Will Gadd is the most well-known ice climber in the world. He has three X Games gold medals under his belt and took first place in the international Ouray Ice Festival in Colorado earlier this month. On Tuesday, grainy footage emerged online of the 47-year-old scaling a frozen section of Niagara Falls. The clip went viral, and on Thursday, Gadd announced through Red Bull that he had made the first-ever ascent of one of the most iconic natural features in North America.
On Friday, after a whirlwind media tour that involved Good Morning America and USA Today, Gadd sat down with Outside (which he says is his favorite publication).
OUTSIDE: First, let’s get the backstory on the Niagara Falls climb. That seems pretty risky.
GADD: I’ve always wanted to climb Niagara Falls. It’s one of the largest waterfalls in the world, and parts of it do occasionally freeze. But it never really freezes completely, and you’re never going to get permission to climb it even if it did, so there’s two strikes right there.
About a year ago, Red Bull and I started talking about cool things to do, and that was on the list. I was like, No, that will never work. You can’t get permission. They said, We’re good at that. It took a lot of assurances to the local people that this was not a stunt, that this was something I could do with a reasonable degree of safety.
You're known for, forgive me for using the word, “stunts.” How difficult was this for you when compared with some of your previous climbs?
It’s one of those things that you really have to get right. It’s not just climbing a waterfall. When I pulled off the ground, I was carrying the weight of everybody involved in the project that wanted it to go well. Also, we’d been talking with officials about having ice climbing in New York state parks. So there are a tremendous amount of positives if things go well and a tremendous amount of negatives if things go poorly. You can’t screw it up.
“That’s 4,000 semi trucks a second ripping off the lip of that thing. The earth shakes down there. Shit’s real.”
Then there’s this massive waterfall ripping over my shoulder, and I don’t care who you are, that’s going to put some butterflies in your stomach. Six million cubic feet of water per second. That’s 4,000 semi trucks a second ripping off the lip. The earth shakes down there. Shit’s real. Technically, I’ve climbed harder things, but never on a stage like that, in such a dynamic environment.
If I fell, I was going to fall into what we were calling the Cauldron of Doom. Normally on an ice climb, if you fall in the first 20 feet you might land in the snow and walk away. Here, if you fall, you go into the world’s most savage mixing bowl. And it is going to fuck you up.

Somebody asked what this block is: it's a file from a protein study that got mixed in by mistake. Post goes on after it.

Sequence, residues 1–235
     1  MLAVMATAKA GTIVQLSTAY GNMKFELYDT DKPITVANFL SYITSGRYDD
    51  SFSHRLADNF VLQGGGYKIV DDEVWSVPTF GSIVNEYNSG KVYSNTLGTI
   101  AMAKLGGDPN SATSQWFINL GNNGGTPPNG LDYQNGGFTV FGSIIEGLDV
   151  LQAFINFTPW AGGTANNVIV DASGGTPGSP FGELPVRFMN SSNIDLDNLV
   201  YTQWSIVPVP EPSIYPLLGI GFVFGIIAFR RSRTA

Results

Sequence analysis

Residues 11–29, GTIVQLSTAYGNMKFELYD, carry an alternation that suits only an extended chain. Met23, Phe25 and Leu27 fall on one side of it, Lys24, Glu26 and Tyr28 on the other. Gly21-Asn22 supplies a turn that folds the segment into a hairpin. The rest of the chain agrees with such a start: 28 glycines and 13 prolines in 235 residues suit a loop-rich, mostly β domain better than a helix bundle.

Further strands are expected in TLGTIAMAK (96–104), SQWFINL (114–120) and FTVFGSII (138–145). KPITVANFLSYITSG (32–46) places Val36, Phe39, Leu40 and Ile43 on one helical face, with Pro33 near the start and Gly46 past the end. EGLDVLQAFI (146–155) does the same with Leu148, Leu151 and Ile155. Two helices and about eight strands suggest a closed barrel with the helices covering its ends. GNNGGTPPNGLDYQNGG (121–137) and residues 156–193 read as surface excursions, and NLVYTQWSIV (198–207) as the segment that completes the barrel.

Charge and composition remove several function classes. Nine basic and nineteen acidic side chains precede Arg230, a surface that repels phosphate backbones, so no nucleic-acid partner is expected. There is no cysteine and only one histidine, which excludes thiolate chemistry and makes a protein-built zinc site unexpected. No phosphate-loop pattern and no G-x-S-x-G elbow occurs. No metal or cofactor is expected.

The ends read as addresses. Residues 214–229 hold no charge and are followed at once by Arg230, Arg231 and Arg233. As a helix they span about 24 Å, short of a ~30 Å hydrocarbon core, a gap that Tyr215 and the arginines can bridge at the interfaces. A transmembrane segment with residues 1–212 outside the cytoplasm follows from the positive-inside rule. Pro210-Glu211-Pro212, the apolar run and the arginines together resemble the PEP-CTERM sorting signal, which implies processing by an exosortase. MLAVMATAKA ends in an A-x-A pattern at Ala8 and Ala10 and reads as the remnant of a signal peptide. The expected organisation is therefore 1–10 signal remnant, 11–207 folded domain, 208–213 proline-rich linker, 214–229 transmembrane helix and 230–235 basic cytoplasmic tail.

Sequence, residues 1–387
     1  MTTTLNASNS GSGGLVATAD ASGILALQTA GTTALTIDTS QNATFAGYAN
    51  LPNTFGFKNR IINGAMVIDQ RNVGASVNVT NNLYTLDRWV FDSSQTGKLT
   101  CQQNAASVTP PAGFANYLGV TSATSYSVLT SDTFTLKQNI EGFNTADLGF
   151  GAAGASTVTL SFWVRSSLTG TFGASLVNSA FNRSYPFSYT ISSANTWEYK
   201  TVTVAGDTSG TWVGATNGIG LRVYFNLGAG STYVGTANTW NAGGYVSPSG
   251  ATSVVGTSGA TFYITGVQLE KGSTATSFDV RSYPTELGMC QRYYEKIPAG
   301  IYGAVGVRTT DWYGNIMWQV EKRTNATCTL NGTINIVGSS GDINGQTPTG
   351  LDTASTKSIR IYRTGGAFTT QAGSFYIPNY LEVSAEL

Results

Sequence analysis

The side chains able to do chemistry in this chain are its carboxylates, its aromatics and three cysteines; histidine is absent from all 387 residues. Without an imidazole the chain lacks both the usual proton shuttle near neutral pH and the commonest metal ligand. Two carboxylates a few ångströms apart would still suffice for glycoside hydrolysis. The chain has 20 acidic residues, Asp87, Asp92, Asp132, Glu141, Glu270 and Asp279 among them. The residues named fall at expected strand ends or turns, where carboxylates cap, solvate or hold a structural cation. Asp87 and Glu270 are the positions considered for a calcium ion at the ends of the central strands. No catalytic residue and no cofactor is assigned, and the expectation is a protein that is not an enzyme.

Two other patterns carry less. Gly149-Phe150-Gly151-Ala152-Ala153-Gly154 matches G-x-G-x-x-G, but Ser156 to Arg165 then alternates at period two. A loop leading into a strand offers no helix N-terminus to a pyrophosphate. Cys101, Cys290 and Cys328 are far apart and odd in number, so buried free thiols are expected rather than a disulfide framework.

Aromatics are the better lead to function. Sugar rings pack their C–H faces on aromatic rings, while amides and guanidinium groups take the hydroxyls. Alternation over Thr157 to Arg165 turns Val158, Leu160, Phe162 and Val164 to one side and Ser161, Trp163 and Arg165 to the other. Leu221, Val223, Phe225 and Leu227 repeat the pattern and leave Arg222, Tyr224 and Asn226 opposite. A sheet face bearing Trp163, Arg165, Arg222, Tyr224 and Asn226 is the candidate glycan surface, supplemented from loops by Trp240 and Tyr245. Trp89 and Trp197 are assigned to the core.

In a previous interview you said that when money comes into a sport, it brings problems. Did doing such a big-production climb take something out of it for you?
Ninety percent of the days that I go climbing, it’s me, one other person, and a goat out there. Ice climbing’s still low-key. Stuff like this is where I go to work. And I’m used to competing. I’ve done a lot of competitions, so I have the mental tools to deal with pressure. But there comes a point in all these things where you have to stop thinking about everything else but the climb. Niagara Falls doesn’t give a shit if there’s a production crew there. If I don’t pay attention and get it right, I’m going to get killed.
An amateur photographer received some notoriety when he posted video of some of your early work on the [Niagara Falls] wall. It’s got to be a funny thought to have to care about everything else around the climb rather than just the climb itself.
I’ve done some things that have definitely got attention over the years, but I just wanted to climb Niagara Falls. All of a sudden, I’m getting a call from People. What do you do with that? I’m an ice climber from Alberta. You just deal with it.
Is there some kind of philosophical lesson you can take from scaling something that is solid now but will be liquid in a few months?
Anytime I’m out in the mountains, I feel pretty small. I never feel like I’m kicking ass on anything. The older I get, the more I realize we’re all just on a short-term ride here. It’s not really about making the most of it, but about finding those cool places and moments in life, whatever they are. And Niagara Falls is one of those. Hanging out with my kids at the wave pool, seeing my daughter swim for the first time—all those things are equally valid. They’re just beautiful moments. You don’t get that many in life, honestly. And Niagara Falls was definitely one of them for me. I stood on top of that thing and I was pretty stoked.
I pretty much blocked out all of February to early March for this project. I needed to be ready to go as soon as the weather set up. So I’ve got some free time, and I’m pretty fired up to use that and hang out with my kids, do some skiing, plus I’ve got a couple of new routes to finish off in the Canadian Rockies. And this spring I’ve got a super-secret canyoneering project—it’s not anywhere near your neck of the woods, although the Taos Box is a great river. Then there’s a project in Greenland to help some glaciology people research what’s going on underneath the Greenland ice cap. And also the Canadian national parks—I’ve been working on opening those up to paragliding for the past six or seven years, and it looks like that may pay off. If it happens, there’s a whole lot of really cool flights I want to do.
And then something else is always going to come up that’s cool. I never set out to be who I am, it’s just who I am. I’m lucky, and I sure do appreciate it.